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Superior Hypogastric Plexus Block

What is a Superior Hypogastric Plexus Block?

The superior hypogastric plexus block procedure involves interrupting, or blocking, the transmission of pain signals within the superior hypogastric neural network. This is done through a minimally invasive technique that does not require surgery. The superior hypogastric plexus block is effective in treating neuropathic pelvic pain. There are very few risks associated with this procedure. The entire procedure takes less than 15 minutes to complete and the majority of patients report experiencing a significant reduction in the severity of their pain almost immediately.

Where is the Superior Hypogastric Plexus? 

The superior hypogastric plexus is located in the retroperitoneum. This network of nerves extends bilaterally from the lower third of the fifth lumbar vertebrae to the upper third of the first sacral vertebrae. The superior hypogastric plexus is comprised of efferent sympathetic neurons and afferent pain fibers that enervate the bladder, vulva, vagina, uterus, urethra, penis, perineum, prostate, testes, rectum, and colon. Thus, interrupting the function of this neural network can lead to pain-relieving benefits within these structures.

How is a Superior Hypogastric Plexus Block Performed? 

Ideally, the superior hypogastric plexus block is performed through the posterior approach, which requires that the patient lie in the prone position (i.e., lying face down). This position, however, may cause the patient to experience too much discomfort. As such, the superior hypogastric plexus block can be performed through either the transdiscal or the anterior approach, which do not require the patient to be positioned lying face down. The transdiscal approach can be done with the patient lying on their side and utilizes either fluoroscopic or computed tomography guidance. The anterior approach is performed using either ultrasound, fluoroscopic, or computed tomography guidance. The posterior approach utilizes fluoroscopic guidance, which is generally preferred by most practitioners, as it reduces the patient’s exposure to radiation.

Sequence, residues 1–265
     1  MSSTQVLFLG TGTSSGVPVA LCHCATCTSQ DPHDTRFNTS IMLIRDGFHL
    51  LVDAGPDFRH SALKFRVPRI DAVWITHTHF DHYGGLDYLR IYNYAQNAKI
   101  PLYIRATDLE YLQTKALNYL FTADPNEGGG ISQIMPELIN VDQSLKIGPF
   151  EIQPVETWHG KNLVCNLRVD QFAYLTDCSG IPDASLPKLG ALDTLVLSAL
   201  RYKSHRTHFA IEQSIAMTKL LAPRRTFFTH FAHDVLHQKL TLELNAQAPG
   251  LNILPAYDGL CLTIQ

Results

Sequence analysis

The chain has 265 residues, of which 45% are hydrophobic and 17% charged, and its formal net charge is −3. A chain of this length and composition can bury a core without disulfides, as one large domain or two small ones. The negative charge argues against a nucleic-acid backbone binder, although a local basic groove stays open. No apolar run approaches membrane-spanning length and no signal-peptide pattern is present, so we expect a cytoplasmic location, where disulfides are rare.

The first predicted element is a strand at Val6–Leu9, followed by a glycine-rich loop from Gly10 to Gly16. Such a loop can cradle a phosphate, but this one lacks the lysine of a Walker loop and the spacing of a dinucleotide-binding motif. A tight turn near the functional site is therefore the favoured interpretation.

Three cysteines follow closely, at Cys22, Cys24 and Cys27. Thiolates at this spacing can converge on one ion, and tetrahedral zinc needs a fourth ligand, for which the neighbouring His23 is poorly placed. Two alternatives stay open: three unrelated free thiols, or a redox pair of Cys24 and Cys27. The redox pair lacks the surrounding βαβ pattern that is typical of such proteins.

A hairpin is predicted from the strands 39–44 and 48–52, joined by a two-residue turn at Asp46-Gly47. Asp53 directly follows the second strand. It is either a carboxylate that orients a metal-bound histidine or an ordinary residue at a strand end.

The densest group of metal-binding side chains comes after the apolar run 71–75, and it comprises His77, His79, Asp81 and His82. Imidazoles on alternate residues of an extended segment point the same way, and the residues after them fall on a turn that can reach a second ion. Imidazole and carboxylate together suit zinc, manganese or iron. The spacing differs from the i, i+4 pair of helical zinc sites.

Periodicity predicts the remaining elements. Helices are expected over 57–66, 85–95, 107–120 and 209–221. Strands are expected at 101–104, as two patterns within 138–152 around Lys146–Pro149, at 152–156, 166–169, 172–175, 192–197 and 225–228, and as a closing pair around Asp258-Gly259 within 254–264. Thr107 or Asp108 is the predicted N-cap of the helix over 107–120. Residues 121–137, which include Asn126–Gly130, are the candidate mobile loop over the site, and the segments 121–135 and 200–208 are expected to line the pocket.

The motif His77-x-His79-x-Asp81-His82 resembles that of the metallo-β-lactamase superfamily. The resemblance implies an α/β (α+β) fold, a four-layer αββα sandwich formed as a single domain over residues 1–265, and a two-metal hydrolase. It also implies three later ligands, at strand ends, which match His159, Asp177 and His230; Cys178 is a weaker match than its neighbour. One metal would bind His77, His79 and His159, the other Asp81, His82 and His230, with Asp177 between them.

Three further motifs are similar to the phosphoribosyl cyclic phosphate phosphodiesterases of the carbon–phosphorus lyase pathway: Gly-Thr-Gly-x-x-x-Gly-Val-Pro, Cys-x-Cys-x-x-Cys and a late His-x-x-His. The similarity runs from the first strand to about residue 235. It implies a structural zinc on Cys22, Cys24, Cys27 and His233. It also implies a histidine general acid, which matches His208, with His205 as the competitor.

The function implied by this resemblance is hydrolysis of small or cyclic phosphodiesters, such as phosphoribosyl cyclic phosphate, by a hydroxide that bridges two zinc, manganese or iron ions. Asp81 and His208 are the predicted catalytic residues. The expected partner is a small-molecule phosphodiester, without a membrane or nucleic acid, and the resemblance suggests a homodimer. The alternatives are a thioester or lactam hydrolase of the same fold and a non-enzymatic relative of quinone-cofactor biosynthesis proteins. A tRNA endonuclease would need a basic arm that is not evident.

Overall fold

Prior to the injections, the skin around the area of the two injection sites is thoroughly cleansed and sterilized. The physician will then apply a topical local anesthetic to numb the surface of the skin where the needles will be injected. Using an imaging technique as a guide, the injection needle is then guided into the back, through the intervertebral discs, and into the area of the superior hypogastric plexus.  Contrast dye is administered first, to confirm the correct location of the needle. Once the proper placement has been assured, the anesthetic solution is injected into the area of the superior hypogastric plexus. A neurolytic agent, such as alcohol or phenol, may be combined with the anesthetic in order to ablate, or destroy, the neural tissue within the area. Further, radioablation may be used to provide more long-term relief from pain. This technique involves the use of very high degrees of heat to ablate neural tissue in the area.

How Long Will the Superior Hypogastric Plexus Block Take?

In most cases, the superior hypogastric plexus block procedure takes less than 15 minutes. Once the injection needle has been removed, the patient is retained for a period of time in order to monitor for any adverse reactions from either the procedure or the medication.

It is not uncommon for patients receiving a superior hypogastric plexus block to report pain relief almost immediately following the injection. In fact, a majority of patients undergoing this procedure are expected to experience relief from pain within 24 hours following their discharge. While there is no way to predict how each patient will respond to this procedure, most patients can expect generally long-term benefits from a superior hypogastric plexus block. Nonetheless, there is a portion of patients whose symptoms of pain and discomfort will return following a brief period of being pain-free.

What Conditions are Related to the Superior Hypogastric Plexus Block?

Common conditions treated with this procedure include:

  • Refractory penile pain
  • Conditions affecting the reproductive organs, such as the uterus or testes
  • Chronic pelvic pain, particularly related to malignancies
  • Intractable anal pain
  • Endometriosis
  • Descending colon
  • Colorectal cancer
  • Genitourinary cancer
  • Gynecologic cancer
  • Radiation injuries (e.g., to the muscles or nerves)

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